The owner-developer of downtown Baltimore’s historic B&O building has filed for Chapter 11 bankruptcy stemming from its conversion of the property into a boutique Hotel Monaco.
Baltimore & Charles Associates LLC sought bankruptcy protection July 12 in the U.S. Bankruptcy Court in Baltimore, a day before it was due in court to defend itself from several contractors seeking $630,000 in unpaid wages on the hotel project.
The developer, which owns the building but not the Hotel Monaco that occupies it, will now try to restructure several million dollars in debts it took out to buy and renovate the former headquarters of the Baltimore and Ohio Railroad, said Lawrence J. Yumkas, an attorney with Yumkas, Vidmar, Sweeney & Mulrenin, LLC, of Annapolis who is representing the developer.
The developer’s largest secured creditors include Capmark Bank, which lent it $48 million in 2007 for the project, and National Penn Bank, which loaned another $11 million.
Yumkas said the operation of the hotel and the B&O Brasserie that also opened in the B&O building should not be affected by the bankruptcy plans. The Monaco, which opened last July, is owned by Kimpton Hotels & Restaurants of San Francisco.
The development company, managed by Philadelphia’s ARC Wheeler, spent about $60 million to renovate the B&O building into a 208-room hotel. Benjamin F. Miller, co-founder of Philadelphia consulting and outsourcing firm Hospicomm, is a principal in the project, Yumkas said.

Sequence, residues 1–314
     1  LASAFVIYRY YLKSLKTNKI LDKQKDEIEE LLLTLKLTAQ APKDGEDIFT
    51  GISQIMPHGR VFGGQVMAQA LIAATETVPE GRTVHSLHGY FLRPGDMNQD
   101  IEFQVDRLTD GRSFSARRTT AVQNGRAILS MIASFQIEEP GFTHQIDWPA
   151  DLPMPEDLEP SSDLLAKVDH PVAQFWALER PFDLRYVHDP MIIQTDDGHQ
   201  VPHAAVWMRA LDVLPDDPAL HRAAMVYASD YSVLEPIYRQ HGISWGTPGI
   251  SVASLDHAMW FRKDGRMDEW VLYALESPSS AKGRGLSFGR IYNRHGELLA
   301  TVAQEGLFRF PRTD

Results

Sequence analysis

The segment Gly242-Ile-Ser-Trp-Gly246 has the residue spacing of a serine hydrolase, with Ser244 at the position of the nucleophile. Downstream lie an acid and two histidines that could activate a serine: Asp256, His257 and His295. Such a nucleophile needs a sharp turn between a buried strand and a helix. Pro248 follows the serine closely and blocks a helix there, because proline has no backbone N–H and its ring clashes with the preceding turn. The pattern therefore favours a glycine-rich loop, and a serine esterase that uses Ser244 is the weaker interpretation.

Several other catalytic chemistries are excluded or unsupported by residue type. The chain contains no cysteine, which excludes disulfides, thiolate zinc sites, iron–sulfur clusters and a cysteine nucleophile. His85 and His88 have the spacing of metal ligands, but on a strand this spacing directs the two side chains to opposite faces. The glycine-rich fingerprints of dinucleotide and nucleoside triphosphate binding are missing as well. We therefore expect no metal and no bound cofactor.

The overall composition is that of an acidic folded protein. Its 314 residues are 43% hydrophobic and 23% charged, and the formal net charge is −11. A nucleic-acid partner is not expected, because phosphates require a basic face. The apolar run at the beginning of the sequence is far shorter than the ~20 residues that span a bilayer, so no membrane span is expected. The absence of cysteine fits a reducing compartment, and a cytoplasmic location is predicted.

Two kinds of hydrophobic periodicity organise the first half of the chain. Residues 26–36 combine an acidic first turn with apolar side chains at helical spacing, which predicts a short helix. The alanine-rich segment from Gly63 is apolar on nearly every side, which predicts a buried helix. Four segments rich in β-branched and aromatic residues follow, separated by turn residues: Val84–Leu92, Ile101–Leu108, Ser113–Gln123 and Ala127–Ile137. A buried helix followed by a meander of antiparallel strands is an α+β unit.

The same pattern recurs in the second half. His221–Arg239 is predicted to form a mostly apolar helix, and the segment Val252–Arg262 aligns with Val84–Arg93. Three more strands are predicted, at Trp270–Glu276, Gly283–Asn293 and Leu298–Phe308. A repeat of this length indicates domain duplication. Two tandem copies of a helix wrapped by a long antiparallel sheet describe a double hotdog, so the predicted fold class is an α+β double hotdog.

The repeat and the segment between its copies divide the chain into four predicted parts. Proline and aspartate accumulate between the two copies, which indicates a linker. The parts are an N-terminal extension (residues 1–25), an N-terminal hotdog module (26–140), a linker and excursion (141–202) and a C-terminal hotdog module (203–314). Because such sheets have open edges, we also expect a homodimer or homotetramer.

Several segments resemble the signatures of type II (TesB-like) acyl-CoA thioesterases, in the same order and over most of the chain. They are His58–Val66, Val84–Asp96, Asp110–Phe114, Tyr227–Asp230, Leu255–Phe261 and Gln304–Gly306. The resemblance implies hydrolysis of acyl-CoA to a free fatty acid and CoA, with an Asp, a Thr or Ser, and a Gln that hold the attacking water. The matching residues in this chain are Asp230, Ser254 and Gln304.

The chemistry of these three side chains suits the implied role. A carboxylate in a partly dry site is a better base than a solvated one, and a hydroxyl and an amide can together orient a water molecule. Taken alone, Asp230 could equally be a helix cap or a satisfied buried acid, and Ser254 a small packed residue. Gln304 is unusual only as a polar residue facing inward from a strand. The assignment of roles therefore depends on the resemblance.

The bankruptcy suit is an outgrowth of an involuntary bankruptcy petition filed in April by the project’s general contractor, James M. Jost & Co. of Columbia, and three of its subcontractors. The companies are seeking $1.8 million in unpaid wages, according to court documents.
In a Chapter 11 filing, a company will seek to renegotiate the terms of its debts without fear of foreclosure or other penalties. With an involuntary bankruptcy petition, a group of creditors petition bankruptcy court for approval to impose a Chapter 11 on a company that owes it money.
Instead of converting the case to a Chapter 11, Baltimore & Charles could have continued to challenge the petition or moved to convert the case into a Chapter 7, under which it would sell off its property to repay its debts.
The contractors’ attorney, Lawrence P. Block of Stinson Morrison Hecker LLP of Washington, D.C., said he hopes his clients will be able to collect their fees in the bankruptcy process.
Baltimore Business Journal — by Daniel J. Sernovitz Staff